It’s odd that technology’s default backdrop is often nature, as if an apology, a nod to how things were. Windows XP’s “bliss” wallpaper shows a rolling meadow seen through faceless, almost disembodied eyes. Apple, always listless and self-conscious in their designs, offers us, with the iPad, a clear lake at dusk; I wonder if it’s just me, or if “dock” — the term Apple uses for the row of applications at the bottom — in the foreground is a playful pun operating also as a dock on a lake. Or maybe it’s not dusk but dawn, wake up time for the early risers, those people with severe jobs and complicated calendars.
I once pointed to my iPhone in Google maps and said to my wife during a hike “we are right here,” to which a passerby scoffed “no, you are here,” demonstrating with his arms the vicinity of reality (I guess everyone is a Zen master). He probably went home to regale to his wife a story about some dork on his iPhone who could only find his ass were it an app. It’s useless to look at porn on your iPhone: the lovers are too small. If you’ll grant me an aphorism, let it be that.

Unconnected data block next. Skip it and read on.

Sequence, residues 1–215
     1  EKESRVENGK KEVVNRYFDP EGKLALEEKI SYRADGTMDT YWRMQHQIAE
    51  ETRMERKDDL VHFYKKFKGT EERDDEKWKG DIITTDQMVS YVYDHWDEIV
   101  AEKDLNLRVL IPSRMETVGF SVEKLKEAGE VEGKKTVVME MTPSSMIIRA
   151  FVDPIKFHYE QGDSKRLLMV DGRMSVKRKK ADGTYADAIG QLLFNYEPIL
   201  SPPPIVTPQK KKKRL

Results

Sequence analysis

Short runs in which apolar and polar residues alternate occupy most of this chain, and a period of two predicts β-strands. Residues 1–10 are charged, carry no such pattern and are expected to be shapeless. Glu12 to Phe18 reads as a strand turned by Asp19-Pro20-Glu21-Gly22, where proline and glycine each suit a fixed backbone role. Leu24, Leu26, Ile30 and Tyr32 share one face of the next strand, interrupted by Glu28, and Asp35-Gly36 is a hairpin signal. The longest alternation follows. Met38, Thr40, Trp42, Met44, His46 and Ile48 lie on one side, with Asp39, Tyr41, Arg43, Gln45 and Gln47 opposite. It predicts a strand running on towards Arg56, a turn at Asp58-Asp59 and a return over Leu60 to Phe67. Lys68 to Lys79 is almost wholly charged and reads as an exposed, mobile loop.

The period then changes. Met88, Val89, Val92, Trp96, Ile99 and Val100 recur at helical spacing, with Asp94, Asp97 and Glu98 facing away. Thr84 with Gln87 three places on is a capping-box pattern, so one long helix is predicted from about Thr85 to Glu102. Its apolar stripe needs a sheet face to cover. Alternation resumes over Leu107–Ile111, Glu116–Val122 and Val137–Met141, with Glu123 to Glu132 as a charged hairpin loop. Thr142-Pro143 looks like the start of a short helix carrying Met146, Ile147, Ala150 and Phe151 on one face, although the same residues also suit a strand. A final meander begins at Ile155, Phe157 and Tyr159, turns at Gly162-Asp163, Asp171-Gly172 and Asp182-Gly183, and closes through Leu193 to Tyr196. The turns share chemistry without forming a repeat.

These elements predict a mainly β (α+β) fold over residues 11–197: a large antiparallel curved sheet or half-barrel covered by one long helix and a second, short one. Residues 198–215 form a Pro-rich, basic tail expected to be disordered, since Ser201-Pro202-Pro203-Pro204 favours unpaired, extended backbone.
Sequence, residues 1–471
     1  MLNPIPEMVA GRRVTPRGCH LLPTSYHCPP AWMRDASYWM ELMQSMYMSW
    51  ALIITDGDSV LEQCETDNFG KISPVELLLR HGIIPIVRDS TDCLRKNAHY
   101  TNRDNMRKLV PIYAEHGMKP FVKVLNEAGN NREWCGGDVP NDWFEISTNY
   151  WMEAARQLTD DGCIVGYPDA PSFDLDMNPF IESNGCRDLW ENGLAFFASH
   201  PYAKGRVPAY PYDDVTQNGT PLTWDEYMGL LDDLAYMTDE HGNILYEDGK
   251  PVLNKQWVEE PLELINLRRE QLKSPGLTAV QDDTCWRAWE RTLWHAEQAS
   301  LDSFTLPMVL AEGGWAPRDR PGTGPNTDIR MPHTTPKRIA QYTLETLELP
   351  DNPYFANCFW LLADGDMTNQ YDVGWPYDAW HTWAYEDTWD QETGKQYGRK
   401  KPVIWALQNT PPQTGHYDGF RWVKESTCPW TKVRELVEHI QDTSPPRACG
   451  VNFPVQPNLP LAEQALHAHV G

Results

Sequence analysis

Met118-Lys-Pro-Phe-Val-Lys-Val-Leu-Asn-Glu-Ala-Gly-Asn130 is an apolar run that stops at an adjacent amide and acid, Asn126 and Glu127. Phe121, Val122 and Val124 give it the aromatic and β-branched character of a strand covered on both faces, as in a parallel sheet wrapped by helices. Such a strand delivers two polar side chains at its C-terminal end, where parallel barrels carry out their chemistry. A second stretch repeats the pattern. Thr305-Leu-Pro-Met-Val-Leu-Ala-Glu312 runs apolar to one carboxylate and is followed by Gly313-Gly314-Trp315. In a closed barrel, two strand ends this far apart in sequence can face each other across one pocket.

I’d like to think I could jump into Apple’s lake anytime, dusk or dawn, like a seal meets Thoreau. Let me just block out the image of Jason Voorhess comin’ to get me, which is why I never camp, no matter what Sontag has to say about it. If you don’t know what I’m talking about, sigh, youtube and wiki it, respectively, you useless bastard.
The Amazon crew are being such infantile shitheads with the whole Macmillan thing. Aw, Apple is going to make your ugly, stupid Kindle obsolete? It’s like when a new baby comes home and the older, less cute kid throws a tantrum. (Analogy via my roommate.) Wipe the oatmeal off your chins and grow up.